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My dad gave me his old work bench, as the one that was left with our house was deteriating. His was in far better shape even though it is probably older. The top of the work bench is about 6 feet long, and about 2.5 wide. It is a SOLID piece of wood! (As in not plywood)
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post #6 of 13 (permalink) Old 10-10-2006, 07:56 PM
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Another way to go as a top on the bath cab would be to use a 24 inch door and treat it the same way Mike says, wood trim around it and hardboard top. The doors are usually very flat and arn't to heavy etc. Seen some nice workbenches in the wwking mags made from doors like this.

Corey
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post #7 of 13 (permalink) Old 10-10-2006, 09:15 PM
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I used an exterior door for one of my WB tops.. Heavy, and flat..

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post #8 of 13 (permalink) Old 10-10-2006, 10:28 PM
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I also use a door or to say a desk table top that's about the same size as door, I have a med.size work shop but I'm always out of room , plus all the other work benches are full of stuff ,tools and jigs stuff, and it's hard to keep a work bench clean and clear and you and I need a flat spot to put things together not a WorkMate but a nice big flat top.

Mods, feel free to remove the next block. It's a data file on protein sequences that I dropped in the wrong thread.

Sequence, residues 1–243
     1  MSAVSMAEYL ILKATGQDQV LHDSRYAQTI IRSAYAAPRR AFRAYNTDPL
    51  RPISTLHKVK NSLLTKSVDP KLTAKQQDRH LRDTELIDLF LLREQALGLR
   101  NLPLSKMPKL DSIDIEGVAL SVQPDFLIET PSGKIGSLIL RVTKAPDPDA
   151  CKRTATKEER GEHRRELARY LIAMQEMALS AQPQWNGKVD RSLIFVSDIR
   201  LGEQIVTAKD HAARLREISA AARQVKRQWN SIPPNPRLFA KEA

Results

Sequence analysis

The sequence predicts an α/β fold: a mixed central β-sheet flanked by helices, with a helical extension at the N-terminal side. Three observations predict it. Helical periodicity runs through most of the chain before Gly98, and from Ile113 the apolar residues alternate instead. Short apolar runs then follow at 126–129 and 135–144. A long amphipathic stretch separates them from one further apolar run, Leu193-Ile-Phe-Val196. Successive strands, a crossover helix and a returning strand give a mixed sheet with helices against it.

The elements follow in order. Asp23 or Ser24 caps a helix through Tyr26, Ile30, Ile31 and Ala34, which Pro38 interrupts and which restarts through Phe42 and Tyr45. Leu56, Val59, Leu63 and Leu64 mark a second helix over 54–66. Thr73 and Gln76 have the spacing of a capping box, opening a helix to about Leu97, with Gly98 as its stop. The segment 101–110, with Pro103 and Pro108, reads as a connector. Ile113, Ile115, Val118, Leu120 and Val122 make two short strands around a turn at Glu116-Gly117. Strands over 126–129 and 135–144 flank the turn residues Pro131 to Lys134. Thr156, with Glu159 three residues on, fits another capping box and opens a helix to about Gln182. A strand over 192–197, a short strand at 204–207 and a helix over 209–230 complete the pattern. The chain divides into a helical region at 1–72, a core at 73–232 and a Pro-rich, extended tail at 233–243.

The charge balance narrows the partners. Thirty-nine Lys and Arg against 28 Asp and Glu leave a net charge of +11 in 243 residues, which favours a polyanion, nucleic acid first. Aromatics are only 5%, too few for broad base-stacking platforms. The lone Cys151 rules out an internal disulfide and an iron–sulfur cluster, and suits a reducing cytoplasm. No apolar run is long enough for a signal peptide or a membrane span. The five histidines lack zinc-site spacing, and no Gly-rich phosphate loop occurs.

Most shop floors are not flat and when you and I put cabinets and other projects together we need that flat spot.
The one I use is hanging from a work bench (from 3 hvy.door hinges) and I can just pull one leg and the top is clean ...no tools,no saw dust,just clean and clear.
And when I don't need it ,just drops out of the way,and it's the same height as the other power tools I have so when I need the help to hold stock I have it quick and easy.
It also holds a metal inlay plate for clamping and holding stock for pocket hole screwing (face frames).

Yes, you will see a green metal ironing board under the top, it's there just in case I need more support for hvy.projects,but most of the time one legs works great.

Here's a snapshot just for kicks.

http://www.routerforums.com/attachme...mber-shop1.jpg
http://www.routerforums.com/attachme...umber-shop.jpg